There are many variables that play into the quality of the final cup of coffee that we all enjoy. In some of our previous blog posts, we’ve discussed how brewing can greatly alter how a coffee tastes. But before the final brew, there are a lot of other things to consider. This post is part two of a two part series about the role that coffee harvest and roast freshness play into the final product. To catch up with part one, click HERE. In this part of the series, we’ll briefly discuss the way that roast freshness impacts the quality of the final cup.
There are a few things to consider when we talk about roast freshness. It isn’t simply the day that the coffee is labeled as being roasted on, which we refer to as the roast date, but it’s a great place to begin.
The roast date is the date that the coffee was roasted on. Rather than having a best-by date, coffee is labeled to let you know when it was roasted since it doesn’t go ‘bad’ after a specific amount of time. Rather, coffee begins to lose its expressiveness and complexity over time the further it gets from its roast date.The older a roasted coffee gets and as more months pass by off of roast, coffee begins to taste stale and sour, with a lemony bite but generally hollow, or lacking body.
Whether you’re storing your coffee on the shelf or in your cupboard, here are a few tips.
- Keep it away from direct sunlight.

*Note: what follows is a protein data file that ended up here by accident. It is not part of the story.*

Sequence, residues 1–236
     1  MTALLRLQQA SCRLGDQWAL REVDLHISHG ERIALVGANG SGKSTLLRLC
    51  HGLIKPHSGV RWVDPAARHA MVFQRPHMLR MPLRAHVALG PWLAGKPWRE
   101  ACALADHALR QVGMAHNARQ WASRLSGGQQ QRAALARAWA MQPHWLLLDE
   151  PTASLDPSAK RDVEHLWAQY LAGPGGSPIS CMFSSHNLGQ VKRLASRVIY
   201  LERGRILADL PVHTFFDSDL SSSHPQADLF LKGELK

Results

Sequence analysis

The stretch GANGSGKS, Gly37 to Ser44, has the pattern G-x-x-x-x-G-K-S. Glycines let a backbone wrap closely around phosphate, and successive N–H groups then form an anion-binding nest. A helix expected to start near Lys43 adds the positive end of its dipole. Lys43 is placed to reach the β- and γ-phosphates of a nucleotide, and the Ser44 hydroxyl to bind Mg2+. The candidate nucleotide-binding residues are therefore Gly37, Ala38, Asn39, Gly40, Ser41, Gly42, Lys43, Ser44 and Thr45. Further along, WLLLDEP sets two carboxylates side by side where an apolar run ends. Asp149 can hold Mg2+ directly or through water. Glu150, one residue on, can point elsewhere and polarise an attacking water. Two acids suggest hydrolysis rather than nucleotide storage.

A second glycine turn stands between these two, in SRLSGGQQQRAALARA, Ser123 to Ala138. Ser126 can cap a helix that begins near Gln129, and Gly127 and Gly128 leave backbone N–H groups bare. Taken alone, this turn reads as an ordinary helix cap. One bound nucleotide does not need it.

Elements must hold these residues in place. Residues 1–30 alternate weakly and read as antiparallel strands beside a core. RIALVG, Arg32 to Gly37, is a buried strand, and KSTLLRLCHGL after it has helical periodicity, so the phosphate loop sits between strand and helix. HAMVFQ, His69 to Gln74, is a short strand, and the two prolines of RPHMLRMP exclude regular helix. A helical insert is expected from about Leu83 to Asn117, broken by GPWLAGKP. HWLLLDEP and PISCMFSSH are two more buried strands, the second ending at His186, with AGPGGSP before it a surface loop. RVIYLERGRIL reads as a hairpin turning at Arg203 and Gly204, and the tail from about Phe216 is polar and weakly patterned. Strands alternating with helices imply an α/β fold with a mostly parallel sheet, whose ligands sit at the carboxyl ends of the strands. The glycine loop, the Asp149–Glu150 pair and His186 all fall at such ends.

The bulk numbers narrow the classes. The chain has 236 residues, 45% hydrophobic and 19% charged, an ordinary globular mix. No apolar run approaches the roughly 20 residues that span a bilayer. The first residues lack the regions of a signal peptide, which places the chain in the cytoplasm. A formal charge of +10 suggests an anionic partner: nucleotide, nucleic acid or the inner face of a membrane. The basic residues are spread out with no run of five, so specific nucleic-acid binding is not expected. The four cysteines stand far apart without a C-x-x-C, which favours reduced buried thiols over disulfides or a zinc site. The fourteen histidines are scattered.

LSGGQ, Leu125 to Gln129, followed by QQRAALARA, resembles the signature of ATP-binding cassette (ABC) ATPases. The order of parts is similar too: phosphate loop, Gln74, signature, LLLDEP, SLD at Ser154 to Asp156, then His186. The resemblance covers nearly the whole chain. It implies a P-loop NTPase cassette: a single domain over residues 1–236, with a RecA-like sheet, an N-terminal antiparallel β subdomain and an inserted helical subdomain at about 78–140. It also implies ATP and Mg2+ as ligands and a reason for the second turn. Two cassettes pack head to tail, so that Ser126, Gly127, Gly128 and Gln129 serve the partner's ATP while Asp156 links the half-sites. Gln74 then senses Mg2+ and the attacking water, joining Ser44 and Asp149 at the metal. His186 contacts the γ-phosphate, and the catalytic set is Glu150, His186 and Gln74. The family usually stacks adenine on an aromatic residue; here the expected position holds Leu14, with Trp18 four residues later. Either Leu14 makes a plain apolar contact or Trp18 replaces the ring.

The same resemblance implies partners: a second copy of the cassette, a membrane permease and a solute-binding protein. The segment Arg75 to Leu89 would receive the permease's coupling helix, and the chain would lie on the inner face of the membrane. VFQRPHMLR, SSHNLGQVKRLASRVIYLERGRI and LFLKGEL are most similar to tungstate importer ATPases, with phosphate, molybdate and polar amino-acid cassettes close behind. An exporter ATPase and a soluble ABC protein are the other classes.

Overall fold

- Keep it away from the stove and other heat sources (radiators, etc.).
- The coffee should be in an airtight container. Our Stone Creek Coffee bags also work great!
- For maximum freshness, enjoy your coffee within 3 weeks of the roast date. However, coffee does not ‘expire,’ so you can continue to enjoy it after 3 weeks off of the roast date.
When I first started working in coffee, I was told that you should never put coffee in the freezer. Years and a lot of learning later, I have accepted new information and changed my opinion on this sometimes controversial storage method. I especially love this storage method for coffees that I want to be able to enjoy for a longer period of time, while still maintaining freshness over that time period.
Though I will perhaps explore freezer storage further in a later blog post, I will cover the basics here:
- The coffee should be whole bean.
- The coffee should be in an airtight container.
- You should use the coffee immediately after removing it from the freezer.
- Like other things, coffee will stay fresher in a deep freezer than a standard fridge/freezer combo. Deep freezers can extend frozen storage up to and exceeding one year! In a standard freezer, coffee will stay ‘fresh’ for 3-6 months.
- Fun Fact: If you freeze ground coffee, it will leech flavors from the freezer, so it’s a big no-no! In fact, ground coffee is a great deodorizer for your fridge, working similarly to baking soda.
So now that you understand some of the ways harvest and roast freshness affect the flavors in your cup, it’s time to replenish your coffee stash with your new found knowledge. To shop the fruits of harvest’s and our labor, click the button below to peruse our Farm to Cup coffees with free carbon neutral shipping.SHOP FARM TO CUP COFFEE